Victor Davis Hanson on The Case for Trump
The Case for Trump, Victor Davis Hanson. Basic Books, 2019. 372 pp.
As the title suggests, The Case for Trump, balances a clinical approach to our currently incendiary politics alongside a brief for Donald Trump’s presidency. Of course, the success or failure of this attempt is a subjective matter though it seems to me that any reader of this book of whatever political stripe would concede that, for its length, it is thorough if not encyclopedic in its presentation of facts and its historical depth.
All of which is not surprising in that Victor Davis Hanson, occupies a unique position among the commentariat: he is a classical scholar, professor, historian, novelist, political, cultural commentator and farmer in California’s central valley while maintaining a residence in Palo Alto where he is a senior fellow at the Hoover Institution on the Stanford campus. He is also a visiting professor at Hillsdale College in Michigan while spending appreciable time overseas.
One can see that his distinctly varied experiences are part of why he remains an engaging thinker and which makes all of the 372 pages of this book fly by. In a word, the book is a deliciously informative and an eminently readable take on the Trump ship of state as it tries to navigate around the depth charges laid by the treacherous deep state armada and a giddy and obtuse paparazzi.
Dr. Hanson’s opening chapter is his longest, wherein he demonstrates that by 2016 the traditional vision of “the two Americas” had ossified into mere “stale sloganeering.” As he puts it, “Trump did not create these divides. He merely found existing sectarianism politically useful, and, like President Obama, he far more adroitly leveraged it than had prior Republican nominees. “
Yes, the educated, progressive, technocracies in the costal blue states had turned their backs on America’s interior and in looking overseas became increasingly smug in their cosmopolitanism while showcasing their empathy for the hapless in destitute places outside America. Of course, this coastal blue state cult is shared by Illinois and other interior states, depending on issues and candidates, where empathy is also on display for “people of color” and other victims of America’s presumed institutional and incipient phobias.
Certainly the most recent Republican presidential candidates, Messieurs McCain and Romney, saw this divide but neither had the requisite body armor, aka thick enough skin, to expose themselves to the heavy media artillery that would be wheeled around and directed at them if they risked any association with the Buchanan, pitchfork branch of the party, “the isolationist wing,” “the America Firsters,” the un-glamorous white working class, “the deplorables,” “the smelly Walmart shoppers” and on and on, the invective lexicon of the Left being as endless as it is predictable.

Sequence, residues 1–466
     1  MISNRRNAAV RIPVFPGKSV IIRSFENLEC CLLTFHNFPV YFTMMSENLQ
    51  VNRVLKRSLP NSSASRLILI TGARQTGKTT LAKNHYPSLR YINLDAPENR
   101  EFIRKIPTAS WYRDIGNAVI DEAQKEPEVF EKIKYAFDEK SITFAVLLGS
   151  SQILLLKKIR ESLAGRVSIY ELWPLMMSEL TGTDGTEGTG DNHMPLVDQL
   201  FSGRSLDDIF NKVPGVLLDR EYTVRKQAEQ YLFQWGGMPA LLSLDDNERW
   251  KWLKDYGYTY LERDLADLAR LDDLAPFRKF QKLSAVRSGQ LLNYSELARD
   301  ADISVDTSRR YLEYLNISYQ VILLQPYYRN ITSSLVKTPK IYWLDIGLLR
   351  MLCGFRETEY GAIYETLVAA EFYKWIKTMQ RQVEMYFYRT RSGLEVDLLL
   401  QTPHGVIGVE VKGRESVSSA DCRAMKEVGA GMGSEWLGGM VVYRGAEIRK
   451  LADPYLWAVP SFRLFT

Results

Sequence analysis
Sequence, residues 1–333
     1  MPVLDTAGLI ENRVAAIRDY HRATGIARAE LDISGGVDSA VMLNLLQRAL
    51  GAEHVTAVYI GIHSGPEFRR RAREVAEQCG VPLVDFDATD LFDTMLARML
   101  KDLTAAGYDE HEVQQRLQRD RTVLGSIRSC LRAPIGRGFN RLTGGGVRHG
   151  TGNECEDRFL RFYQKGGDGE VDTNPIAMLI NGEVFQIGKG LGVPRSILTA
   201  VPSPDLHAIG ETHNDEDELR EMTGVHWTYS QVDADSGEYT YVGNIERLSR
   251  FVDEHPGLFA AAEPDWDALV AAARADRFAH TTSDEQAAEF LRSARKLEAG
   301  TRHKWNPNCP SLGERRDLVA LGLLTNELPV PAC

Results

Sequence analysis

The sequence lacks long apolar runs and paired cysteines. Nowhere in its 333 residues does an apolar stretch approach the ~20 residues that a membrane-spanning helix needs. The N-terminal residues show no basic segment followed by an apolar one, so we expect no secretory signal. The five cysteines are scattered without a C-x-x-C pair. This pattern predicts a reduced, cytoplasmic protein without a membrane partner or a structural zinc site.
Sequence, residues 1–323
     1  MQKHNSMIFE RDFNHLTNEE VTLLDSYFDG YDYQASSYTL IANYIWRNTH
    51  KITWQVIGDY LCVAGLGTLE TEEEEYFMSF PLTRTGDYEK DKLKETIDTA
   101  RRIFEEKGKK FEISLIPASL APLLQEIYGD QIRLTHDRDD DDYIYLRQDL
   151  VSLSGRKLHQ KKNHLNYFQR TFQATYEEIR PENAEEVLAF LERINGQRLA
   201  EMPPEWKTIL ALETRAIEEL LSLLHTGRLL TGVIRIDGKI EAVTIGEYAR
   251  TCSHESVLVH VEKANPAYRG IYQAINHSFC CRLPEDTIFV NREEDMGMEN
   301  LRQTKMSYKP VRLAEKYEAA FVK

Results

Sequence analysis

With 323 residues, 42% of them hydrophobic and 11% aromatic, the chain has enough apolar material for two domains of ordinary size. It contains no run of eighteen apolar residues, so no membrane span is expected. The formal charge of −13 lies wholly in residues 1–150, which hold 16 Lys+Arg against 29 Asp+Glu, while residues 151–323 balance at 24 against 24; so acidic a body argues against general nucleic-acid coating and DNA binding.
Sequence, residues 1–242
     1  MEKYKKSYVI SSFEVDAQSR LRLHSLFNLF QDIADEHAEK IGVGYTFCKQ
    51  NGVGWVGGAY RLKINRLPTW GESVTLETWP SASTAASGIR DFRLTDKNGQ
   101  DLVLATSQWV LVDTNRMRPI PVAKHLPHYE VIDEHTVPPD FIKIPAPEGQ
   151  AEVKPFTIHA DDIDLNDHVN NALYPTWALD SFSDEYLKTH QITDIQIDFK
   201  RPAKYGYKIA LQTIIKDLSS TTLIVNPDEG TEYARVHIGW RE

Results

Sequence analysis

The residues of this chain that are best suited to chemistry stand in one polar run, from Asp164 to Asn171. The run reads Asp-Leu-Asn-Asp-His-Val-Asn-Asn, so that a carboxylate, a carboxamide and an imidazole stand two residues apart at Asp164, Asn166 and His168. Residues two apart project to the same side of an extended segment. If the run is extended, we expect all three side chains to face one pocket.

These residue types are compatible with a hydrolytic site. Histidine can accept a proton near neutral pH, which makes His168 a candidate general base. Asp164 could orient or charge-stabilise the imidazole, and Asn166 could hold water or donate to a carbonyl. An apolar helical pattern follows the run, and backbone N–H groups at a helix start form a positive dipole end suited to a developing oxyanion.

However, being partially a media creation himself as well as having extensive experience with politicians, Trump went full speed ahead and damned the torpedoes aimed at him. Thus, he wasn’t afraid to tailor his appeal to this disdained constituency (which he now owns), notwithstanding that Joe Biden is currently channeling Joe the Plumber as he tries to woo this group in the run-up to 2020.
Hanson drills deeper by noting that Trump knew that “a good job was the wellspring alone from which followed a stable two-parent family, home ownership, and a sense of confidence and pride.” Certainly, “white, lower middle class pathology was often known to the Left in the manner of a stiff, dissected frog reeking of formaldehyde” in studies by intellectuals like Charles Murray. Though, as Hanson continues, “Before Trump, few politicians saw an opening in defending the forgotten working class of the interior and few politicians knew it firsthand, much less saw it as merited or even useful in the political sense.”
Were others blinded by their own predilections? As Hanson reveals, “college-educated whites do not make up 36% of the electorate” as analysts indicated; this constituency made up only 30% and was outnumbered by non-college working class whites.
Hanson describes the cult of progressivism as driven by “the white elite signaling their disgust at the ‘white privilege’ of the disintegrating middle class as a means of exempting their own quite genuine white privilege of insider contacts, professional degrees, wealth, inheritance, and influence.” Trump tapped into this lower middle-class disgust provoked by such haughty virtue signaling by those in the media, Hollywood, corporations, academia and government.
Prior to the 2012 election, Hanson was chauffeured through southern Michigan by a retired autoworker who let loose with a stream-of-consciousness trashing of President Obama. After which, Hanson remarked, “Well, I guess that you’ll be voting for Romney.” The man bristled: “Romney? Geez, Romney came to Michigan wearing his wing tips with starched jeans.” Likewise, Hillary’s hamming it up as Aunt Jemima with her, “I don’t feel no ways tired. . .” mantra also made her merely one among the many of our political actors. By contrast Donald Trump was not a character in search of himself; he unselfconsciously played himself in his trademark business suit punctuated by that long red tie resembling the extended tongue that he is always prepared to stick out at his tormentors.